Braised Pork

Red-braised Pork Hock 紅燒蹄

Red-braised Pork Hock 紅燒蹄I love food that you can just gooi into a pot, forget about for a few hours and it still comes out tasting like heaven. Thankfully, Asian food is abound with such dishes, particularly so in Chinese cuisine.

Whilst synonymous with the much hackneyed “stir-fry”, Chinese food does love a jolly good braise. Beef ribs, pork belly, chicken feet – it would seem that the Chinese maxim is clear: if you have a pot big enough for it, then it’s good for a braise. Thankfully, it seems, pork hock fits both the maxim and the pot!

Richly flavoured, red-braised pork hock is an old school Chinese classic and is the perfect way to cook an otherwise troublesome cut of meat. Slowly simmered in what is essentially a classic master stock, the meat and fat is rendered meltingly soft – so much so, one can “cut” through it with just a chopstick. Stained a redish brown from the dark soya sauce, the silky sweet meat is tempered with depth, whilst the aromatic sauce is enriched with the rendered juices from the braised pork.

Admittedly, however, like most home-style Chinese cooking, braised pork hock isn’t the most aesthetically appealing dish. Resembling something of a gelatinous heap of meat, skin and bone, it is hardly a feast for the eyes. Rest assured, however, once you’ve taken your first bite you will quickly forget what it looks like.

Indeed, this dish is a triumph of flavour over style.

Note: the stock quantities may initially seem excessive, but the Master Stock can be kept indefinitely and develops depth of flavour each time it is reused. Simply strain the stock and store in the freezer until needed. Add a fresh set of aromatics to the stock and you are good to go.

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Spanish Pork Casserole with Chorizo & Butter Beans

A true one-pot wonder, this simple Spanish inspired casserole is big on flavour and refreshingly light on effort. Other than the initial stages of browning the ingredients, this dish pretty much takes care of itself and rewards with a tasty family friendly meal that can be adapted to cater to almost all tastes and preferences.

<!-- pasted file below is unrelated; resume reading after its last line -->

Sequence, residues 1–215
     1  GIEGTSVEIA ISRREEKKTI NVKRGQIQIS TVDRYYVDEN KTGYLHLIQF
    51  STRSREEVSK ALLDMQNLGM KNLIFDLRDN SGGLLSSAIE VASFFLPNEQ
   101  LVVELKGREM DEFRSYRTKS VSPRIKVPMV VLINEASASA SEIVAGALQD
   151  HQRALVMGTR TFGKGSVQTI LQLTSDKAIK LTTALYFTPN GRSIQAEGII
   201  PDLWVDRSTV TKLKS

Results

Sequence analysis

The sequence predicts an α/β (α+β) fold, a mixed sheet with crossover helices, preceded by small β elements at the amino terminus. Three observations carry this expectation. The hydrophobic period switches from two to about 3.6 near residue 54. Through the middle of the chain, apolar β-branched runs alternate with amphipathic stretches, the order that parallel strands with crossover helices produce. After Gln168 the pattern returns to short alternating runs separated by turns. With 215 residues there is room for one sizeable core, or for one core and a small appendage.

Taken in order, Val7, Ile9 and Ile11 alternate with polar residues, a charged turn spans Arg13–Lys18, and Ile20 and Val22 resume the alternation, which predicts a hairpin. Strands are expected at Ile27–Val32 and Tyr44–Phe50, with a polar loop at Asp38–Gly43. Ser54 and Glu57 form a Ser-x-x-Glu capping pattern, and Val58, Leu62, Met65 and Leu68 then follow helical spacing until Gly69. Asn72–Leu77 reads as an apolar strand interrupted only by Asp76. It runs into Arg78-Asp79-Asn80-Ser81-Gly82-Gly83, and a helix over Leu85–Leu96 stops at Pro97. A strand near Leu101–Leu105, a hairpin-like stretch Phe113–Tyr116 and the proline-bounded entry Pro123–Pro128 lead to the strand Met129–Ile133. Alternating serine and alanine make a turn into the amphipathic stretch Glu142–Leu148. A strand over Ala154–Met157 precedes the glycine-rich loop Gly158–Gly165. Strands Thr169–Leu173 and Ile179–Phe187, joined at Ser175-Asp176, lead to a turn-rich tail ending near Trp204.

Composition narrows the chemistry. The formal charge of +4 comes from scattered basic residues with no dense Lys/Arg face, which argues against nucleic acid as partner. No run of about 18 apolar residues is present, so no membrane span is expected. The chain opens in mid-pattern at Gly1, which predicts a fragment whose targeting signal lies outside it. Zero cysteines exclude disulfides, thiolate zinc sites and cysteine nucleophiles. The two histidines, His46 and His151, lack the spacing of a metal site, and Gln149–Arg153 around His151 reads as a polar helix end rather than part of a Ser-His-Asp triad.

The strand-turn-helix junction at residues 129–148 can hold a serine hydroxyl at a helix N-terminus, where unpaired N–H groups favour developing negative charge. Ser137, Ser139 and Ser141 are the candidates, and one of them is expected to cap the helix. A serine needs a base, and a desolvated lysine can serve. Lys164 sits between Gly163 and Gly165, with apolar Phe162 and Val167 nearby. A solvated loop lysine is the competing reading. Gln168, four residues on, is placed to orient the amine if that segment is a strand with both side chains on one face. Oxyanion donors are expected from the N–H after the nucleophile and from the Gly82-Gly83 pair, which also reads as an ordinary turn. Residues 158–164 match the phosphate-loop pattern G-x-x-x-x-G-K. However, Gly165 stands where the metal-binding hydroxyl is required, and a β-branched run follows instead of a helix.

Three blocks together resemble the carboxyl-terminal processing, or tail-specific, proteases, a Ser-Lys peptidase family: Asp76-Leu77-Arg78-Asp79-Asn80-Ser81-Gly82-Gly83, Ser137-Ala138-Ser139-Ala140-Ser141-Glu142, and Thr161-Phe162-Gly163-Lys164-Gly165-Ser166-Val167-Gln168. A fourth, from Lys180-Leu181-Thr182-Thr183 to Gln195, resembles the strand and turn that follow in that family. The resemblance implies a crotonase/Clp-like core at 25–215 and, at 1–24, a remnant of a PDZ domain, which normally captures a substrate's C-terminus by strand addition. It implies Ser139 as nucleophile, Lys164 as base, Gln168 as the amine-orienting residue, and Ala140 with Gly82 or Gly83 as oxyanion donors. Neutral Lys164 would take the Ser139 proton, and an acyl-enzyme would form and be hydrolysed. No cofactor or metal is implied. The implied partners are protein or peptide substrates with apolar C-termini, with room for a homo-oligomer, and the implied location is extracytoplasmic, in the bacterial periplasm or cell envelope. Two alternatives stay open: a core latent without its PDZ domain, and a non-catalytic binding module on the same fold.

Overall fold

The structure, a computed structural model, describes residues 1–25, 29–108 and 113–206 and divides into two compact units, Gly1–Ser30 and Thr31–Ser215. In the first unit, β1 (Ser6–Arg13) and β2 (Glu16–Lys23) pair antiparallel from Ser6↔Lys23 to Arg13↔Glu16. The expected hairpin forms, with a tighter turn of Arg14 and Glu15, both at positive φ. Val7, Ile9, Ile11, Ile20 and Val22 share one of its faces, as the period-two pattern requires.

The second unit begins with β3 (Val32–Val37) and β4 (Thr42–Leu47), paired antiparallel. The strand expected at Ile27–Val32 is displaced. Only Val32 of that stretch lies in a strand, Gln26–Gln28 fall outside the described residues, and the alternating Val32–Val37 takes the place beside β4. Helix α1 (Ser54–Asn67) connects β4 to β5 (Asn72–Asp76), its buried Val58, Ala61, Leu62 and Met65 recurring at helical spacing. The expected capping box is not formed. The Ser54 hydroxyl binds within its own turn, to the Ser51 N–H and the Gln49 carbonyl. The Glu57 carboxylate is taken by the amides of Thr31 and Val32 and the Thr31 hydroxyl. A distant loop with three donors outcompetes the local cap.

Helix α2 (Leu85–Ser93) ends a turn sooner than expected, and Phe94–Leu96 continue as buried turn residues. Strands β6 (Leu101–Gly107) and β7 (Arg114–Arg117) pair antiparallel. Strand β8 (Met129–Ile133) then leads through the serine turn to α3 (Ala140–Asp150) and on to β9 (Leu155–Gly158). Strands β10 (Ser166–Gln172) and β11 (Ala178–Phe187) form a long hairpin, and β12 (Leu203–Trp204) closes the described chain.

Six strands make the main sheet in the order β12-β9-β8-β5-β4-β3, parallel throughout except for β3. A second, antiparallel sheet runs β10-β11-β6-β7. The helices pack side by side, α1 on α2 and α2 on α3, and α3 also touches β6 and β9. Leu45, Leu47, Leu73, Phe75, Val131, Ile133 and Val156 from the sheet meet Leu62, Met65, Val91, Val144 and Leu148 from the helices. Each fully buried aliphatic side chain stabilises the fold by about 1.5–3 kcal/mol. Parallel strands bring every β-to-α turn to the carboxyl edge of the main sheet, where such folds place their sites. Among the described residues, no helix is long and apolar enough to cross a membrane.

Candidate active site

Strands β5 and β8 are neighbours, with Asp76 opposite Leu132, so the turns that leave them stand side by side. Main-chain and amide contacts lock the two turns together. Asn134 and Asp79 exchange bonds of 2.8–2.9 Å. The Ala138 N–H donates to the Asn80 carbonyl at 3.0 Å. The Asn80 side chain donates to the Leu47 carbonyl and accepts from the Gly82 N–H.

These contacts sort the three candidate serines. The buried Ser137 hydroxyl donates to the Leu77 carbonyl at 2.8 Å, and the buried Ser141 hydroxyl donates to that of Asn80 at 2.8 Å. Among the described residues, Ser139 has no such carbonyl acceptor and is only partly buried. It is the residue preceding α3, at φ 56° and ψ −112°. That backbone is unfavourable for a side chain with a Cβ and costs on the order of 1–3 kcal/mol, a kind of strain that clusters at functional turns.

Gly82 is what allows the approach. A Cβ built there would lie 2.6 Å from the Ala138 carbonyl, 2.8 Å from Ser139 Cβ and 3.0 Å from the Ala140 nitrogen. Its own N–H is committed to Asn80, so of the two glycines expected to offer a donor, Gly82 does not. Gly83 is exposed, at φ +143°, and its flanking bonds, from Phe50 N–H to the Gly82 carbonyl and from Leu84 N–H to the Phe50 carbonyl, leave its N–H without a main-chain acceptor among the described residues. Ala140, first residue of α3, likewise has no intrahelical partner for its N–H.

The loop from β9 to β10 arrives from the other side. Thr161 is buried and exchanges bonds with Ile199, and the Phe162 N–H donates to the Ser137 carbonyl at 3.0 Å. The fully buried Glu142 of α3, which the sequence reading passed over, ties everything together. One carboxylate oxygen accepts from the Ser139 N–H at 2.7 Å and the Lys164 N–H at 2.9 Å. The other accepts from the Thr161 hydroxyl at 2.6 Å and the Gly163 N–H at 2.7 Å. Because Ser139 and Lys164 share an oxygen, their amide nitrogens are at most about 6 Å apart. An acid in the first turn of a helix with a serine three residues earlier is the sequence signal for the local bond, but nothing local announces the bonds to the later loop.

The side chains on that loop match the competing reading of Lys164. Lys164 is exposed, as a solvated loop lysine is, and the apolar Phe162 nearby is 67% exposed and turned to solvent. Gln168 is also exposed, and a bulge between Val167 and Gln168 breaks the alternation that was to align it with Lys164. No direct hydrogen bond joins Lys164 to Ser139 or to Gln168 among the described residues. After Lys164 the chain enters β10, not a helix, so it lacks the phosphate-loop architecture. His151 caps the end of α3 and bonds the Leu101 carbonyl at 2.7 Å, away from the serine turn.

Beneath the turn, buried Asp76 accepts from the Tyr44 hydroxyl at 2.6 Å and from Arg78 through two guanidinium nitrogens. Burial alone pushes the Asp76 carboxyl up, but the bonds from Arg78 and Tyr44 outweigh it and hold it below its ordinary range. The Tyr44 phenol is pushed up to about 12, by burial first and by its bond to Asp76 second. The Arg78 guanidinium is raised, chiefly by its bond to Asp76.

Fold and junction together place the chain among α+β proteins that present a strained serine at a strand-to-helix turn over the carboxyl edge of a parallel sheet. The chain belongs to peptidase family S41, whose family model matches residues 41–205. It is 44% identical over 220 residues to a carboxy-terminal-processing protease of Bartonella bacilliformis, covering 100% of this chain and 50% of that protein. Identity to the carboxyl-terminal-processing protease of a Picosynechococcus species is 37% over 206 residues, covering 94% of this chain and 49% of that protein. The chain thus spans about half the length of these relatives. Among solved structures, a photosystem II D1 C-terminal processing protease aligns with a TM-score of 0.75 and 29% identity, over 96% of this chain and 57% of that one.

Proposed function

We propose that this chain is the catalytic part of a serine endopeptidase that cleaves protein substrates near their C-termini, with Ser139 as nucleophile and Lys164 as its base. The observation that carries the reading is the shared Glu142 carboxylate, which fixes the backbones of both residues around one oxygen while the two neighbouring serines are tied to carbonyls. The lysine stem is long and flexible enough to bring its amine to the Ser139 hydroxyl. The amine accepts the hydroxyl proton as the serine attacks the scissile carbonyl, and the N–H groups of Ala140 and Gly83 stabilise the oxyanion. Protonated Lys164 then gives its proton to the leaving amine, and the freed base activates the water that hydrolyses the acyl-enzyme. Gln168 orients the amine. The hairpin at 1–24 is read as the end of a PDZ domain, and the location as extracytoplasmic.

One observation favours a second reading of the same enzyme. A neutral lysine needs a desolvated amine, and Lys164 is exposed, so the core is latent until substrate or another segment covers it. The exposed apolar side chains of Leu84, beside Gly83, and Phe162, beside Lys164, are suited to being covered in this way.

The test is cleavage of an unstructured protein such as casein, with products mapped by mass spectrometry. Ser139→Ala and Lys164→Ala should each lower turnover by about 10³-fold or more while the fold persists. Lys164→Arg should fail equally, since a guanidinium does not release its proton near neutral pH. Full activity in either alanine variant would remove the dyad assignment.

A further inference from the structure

Spanish Pork Casserole with Chorizo & Butter BeansNow I have to be honest, this wonderful casserole is about as Spanish as chow mien is Chinese or California rolls are Japanese, but these days cultural authenticity is hardly an impediment to being the poster child of world cuisine. The modern maxim seems to be, “If a dish tastes good, who cares?” and rightfully so. After all, when the results are this tasty, I’m all about the muddled.

So whilst only vaguely Spanish, this simple dish is nevertheless brimming with classic Iberian flavours and, for a change, all the ingredients are perennial pantry staples. Admittedly I take it for granted that my larder resembles an over-stocked cornucopia of random ingredients, but this isn’t the sort of dish that calls for long forgotten packets of shrimp paste, bamboo leaves and jellyfish (yes, I do actually have the latter lurking in the depths of my fridge!). I digress, however.

Thankfully, significantly less exotic pantry staples are required for this dish, namely tins of butter-beans, chopped tomatoes, chorizo and smoked paprika. Admittedly smoked paprika isn’t necessarily a staple pantry item, but is readily available at most supermarkets or it can be substituted with regular paprika and a pinch of chilli powder or flakes. You can also use chickpeas instead of the butter beans and the fennel seeds can be omitted if you don’t have any…like I said, this recipe is nothing if not adaptable.

Note: As with most stews and casseroles, this dish will be all the better from a night chilling in the fridge.

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Vietnamese Braised Pork in Coconut Water (Thịt Kho Tàu)

Thịt Kho Tàu (Braised Pork in Coconut Water)This venerable Vietnamese classic is traditionally made to celebrate Tết, the Vietnamese Lunar New Year, but is popular all year round. Packed full of flavour, this sweet and tender braise of pork is simmered in coconut water and is a firm favourite throughout Việt Nam, especially in the South.

The first time I encountered this dish was in a restaurant in Hồ Chí Minh City. My uncle, who was working in Việt Nam at the time, took us out for a lavish Vietnamese dinner and this dish was the undisputed star of the meal. After simmering away for hours in its delicious coconut broth, the pork was achingly tender and sweet, but the real revelation was the generous layer of fat. Soft and rich, yet surprisingly light on the tongue – the fat had been transformed into the true master-stroke of the entire dish. This was pork fat in all its gelatinous glory!

Whilst I’ve always made this dish with pork belly, in truth you can actually use any number of cuts of pork, as long as the meat isn’t too lean. Personally, though, I prefer sticking with pork belly for this dish as it doesn’t dry out from the extended cooking time and the fat imparts a wonderful flavour into the broth.

Traditionally eaten with rice and often accompanied with a simple daikon & carrot pickle (Đồ Chua), I also love to pair this dish with some water spinach stir-fried with garlic.

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